The cap-and-trade-emissions market has spawned a host of innovators who act as brokers and deal in carbon dioxide futures and derivatives
Armani-clad investment bankers usually don't get much credit for saving the world. But the success of Europe's thriving market in trading carbon emission credits highlights a major area of innovation there—and a rare instance where making money and helping the planet go hand in hand.
This is no feel-good charity scheme. Enticed by the possibility of high returns from the European Union's Emission Trading Scheme (EU ETS), financial institutions, including Barclays (BCS) and Morgan Stanley (MS), have flooded into the Continent's cap-and-trade carbon dioxide market (BusinessWeek.com, 11/1/06) since its creation in 2005. Now, an estimated $78.6 billion in carbon credits—the right to emit a specific amount of carbon dioxide—are traded annually on the EU ETS. And trades in other carbon-related financial products, such as derivatives and futures, are posting double-digit gains each year.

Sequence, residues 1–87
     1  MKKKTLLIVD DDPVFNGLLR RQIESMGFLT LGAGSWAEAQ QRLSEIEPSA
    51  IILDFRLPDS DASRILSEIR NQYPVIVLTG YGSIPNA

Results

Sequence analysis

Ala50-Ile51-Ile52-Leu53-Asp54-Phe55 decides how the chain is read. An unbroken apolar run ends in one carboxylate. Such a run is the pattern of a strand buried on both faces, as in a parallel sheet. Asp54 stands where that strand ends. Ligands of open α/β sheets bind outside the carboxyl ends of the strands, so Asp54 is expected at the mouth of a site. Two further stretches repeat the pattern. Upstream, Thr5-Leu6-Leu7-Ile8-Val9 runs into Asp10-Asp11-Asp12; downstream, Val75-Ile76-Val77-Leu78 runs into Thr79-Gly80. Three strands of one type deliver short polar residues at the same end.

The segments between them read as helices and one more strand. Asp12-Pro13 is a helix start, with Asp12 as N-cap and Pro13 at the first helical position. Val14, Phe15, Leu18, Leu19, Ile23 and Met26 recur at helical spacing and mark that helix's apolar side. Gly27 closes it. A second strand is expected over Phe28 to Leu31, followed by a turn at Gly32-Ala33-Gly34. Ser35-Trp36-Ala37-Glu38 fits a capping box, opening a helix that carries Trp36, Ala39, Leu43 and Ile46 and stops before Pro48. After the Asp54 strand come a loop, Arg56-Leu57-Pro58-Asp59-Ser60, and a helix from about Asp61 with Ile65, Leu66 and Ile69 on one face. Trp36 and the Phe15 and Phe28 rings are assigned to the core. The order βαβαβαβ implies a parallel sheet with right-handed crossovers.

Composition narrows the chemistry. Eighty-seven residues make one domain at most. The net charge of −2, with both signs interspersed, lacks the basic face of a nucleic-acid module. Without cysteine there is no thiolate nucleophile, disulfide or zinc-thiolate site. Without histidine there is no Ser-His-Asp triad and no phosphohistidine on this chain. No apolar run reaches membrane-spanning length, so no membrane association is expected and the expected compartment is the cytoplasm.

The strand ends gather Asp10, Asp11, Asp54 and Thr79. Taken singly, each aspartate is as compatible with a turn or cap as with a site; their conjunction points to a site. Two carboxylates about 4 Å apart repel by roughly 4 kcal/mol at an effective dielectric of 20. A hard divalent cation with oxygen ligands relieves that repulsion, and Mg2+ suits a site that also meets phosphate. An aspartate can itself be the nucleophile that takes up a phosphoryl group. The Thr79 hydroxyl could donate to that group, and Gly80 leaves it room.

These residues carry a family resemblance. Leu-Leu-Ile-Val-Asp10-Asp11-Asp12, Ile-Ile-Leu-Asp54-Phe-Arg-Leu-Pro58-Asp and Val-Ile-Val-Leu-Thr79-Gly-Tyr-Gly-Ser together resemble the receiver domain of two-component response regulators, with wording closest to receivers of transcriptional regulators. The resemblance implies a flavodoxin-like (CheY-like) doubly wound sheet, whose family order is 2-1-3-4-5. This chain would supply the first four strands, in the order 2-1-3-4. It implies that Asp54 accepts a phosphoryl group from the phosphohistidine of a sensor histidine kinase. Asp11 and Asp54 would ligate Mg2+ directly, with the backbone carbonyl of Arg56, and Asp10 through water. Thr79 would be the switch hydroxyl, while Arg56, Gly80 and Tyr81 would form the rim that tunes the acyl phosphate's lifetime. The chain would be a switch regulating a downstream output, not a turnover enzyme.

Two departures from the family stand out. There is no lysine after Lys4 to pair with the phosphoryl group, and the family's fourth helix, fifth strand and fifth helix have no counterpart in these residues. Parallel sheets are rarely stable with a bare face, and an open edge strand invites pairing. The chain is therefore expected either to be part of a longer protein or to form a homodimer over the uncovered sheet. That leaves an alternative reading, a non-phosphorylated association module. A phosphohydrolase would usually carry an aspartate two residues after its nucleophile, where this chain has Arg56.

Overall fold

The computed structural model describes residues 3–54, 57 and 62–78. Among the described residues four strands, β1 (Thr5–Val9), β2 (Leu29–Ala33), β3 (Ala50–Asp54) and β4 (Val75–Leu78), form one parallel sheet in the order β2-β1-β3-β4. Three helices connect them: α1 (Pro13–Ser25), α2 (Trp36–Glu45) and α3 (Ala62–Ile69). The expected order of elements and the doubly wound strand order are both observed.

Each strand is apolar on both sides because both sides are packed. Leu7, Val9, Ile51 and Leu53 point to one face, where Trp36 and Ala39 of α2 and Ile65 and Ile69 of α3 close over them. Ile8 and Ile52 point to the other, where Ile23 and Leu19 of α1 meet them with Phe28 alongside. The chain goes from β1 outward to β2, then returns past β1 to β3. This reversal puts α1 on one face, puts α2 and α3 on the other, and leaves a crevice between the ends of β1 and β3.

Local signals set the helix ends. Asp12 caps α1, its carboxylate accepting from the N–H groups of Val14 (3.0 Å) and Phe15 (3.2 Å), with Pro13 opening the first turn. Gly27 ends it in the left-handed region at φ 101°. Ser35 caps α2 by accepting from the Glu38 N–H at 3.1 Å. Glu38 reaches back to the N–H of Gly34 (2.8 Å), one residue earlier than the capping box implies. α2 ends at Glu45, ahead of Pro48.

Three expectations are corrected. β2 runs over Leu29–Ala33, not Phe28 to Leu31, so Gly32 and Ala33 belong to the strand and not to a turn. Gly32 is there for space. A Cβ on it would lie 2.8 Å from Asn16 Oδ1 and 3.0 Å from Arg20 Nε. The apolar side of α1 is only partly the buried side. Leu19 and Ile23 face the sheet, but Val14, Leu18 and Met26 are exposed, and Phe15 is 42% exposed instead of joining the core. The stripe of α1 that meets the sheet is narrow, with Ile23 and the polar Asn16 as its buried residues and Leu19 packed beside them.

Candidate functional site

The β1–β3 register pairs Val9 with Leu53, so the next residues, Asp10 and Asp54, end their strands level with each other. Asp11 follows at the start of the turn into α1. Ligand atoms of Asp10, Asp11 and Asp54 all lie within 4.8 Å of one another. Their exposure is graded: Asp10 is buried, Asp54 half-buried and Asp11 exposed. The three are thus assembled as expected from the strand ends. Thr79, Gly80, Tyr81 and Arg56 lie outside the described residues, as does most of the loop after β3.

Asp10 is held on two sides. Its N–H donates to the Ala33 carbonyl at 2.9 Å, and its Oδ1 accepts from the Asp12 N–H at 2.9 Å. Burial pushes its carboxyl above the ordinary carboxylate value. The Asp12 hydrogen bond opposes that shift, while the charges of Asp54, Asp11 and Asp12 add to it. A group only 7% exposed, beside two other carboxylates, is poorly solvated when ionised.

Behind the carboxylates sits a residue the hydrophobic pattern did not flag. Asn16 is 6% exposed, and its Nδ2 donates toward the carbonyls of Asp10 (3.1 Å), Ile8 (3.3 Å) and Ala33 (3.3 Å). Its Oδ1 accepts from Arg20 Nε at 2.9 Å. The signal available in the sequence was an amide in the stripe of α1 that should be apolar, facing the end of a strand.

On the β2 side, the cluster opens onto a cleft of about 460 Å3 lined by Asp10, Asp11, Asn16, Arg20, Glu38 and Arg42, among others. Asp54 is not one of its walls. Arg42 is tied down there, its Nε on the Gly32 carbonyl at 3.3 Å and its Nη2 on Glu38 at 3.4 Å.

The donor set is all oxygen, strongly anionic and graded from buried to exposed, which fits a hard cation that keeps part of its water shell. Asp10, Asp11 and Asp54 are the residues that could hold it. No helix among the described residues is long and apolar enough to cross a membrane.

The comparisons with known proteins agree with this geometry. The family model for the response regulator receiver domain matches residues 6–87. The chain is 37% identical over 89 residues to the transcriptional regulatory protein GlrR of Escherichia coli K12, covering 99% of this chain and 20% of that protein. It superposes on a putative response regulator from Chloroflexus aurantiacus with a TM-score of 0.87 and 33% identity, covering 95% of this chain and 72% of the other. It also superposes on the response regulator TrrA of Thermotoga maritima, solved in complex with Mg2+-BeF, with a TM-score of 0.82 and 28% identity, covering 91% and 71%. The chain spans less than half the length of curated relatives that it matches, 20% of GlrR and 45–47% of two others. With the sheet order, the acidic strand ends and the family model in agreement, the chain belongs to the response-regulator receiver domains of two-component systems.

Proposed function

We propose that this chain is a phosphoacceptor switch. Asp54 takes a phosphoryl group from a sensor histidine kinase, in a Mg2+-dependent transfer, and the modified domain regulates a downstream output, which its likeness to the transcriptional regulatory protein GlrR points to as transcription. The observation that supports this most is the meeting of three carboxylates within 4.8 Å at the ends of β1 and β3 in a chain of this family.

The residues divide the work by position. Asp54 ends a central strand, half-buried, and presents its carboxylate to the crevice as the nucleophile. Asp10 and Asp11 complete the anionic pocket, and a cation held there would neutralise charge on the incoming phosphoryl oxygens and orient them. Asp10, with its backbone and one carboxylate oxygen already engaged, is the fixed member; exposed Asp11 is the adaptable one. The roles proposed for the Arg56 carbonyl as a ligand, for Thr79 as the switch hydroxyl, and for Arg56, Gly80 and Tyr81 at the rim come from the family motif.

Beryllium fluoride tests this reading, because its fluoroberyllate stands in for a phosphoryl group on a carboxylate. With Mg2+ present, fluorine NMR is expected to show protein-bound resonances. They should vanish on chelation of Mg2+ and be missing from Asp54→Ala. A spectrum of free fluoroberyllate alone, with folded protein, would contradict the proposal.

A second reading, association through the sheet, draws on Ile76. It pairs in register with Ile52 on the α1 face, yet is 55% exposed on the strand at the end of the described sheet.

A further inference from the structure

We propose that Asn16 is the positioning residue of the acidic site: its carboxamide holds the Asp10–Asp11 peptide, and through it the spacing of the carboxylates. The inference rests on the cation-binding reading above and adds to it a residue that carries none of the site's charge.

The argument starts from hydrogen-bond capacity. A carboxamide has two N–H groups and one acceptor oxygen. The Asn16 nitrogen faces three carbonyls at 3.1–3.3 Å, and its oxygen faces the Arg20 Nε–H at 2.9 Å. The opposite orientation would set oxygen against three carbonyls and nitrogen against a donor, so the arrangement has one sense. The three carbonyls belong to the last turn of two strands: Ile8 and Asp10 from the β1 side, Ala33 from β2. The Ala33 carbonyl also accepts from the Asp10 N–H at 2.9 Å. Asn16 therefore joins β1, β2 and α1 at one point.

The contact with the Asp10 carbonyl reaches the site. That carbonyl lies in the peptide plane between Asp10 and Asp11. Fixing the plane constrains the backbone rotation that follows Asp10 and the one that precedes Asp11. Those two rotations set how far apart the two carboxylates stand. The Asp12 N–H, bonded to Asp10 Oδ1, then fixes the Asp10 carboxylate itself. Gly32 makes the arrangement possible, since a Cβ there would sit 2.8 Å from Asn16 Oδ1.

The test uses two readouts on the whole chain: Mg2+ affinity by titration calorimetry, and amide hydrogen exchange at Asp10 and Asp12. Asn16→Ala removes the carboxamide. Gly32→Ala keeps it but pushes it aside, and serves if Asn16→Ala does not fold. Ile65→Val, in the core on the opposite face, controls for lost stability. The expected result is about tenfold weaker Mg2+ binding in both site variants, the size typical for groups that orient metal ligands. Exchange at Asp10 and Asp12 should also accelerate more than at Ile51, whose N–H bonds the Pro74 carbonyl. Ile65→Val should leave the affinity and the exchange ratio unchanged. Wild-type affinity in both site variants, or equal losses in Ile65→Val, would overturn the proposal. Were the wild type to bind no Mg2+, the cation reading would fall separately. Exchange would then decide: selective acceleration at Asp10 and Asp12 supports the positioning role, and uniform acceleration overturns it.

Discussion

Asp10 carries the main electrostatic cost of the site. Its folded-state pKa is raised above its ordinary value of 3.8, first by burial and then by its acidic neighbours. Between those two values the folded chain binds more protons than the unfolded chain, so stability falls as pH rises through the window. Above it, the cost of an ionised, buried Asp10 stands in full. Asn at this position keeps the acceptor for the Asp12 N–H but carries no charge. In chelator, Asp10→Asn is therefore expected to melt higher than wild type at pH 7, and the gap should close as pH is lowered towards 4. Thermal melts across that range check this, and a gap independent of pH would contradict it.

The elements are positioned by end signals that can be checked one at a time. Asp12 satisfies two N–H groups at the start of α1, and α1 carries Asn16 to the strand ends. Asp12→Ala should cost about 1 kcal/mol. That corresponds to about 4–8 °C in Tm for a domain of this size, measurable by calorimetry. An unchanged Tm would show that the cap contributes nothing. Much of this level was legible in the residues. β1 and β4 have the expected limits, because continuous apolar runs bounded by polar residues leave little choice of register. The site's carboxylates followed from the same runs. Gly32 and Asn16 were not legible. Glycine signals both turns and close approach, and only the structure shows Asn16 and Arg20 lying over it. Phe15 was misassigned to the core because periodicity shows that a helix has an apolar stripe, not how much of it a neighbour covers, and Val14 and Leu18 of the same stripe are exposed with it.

Helping to fuel the market's rapid expansion (BusinessWeek.com, 1/23/08) are a host of new products and services revolving around carbon trading. Perhaps no company has jumped on the opportunity more than Dutch startup European Climate Exchange (ECX), whose platform handles 85% of the 1.2 billion carbon emission trades made annually in Europe via exchanges. (An additional 800,000 or so carbon credits are traded bilaterally between companies, not via exchanges.) Now ECX is looking to expand into the fast-growing futures market....MORE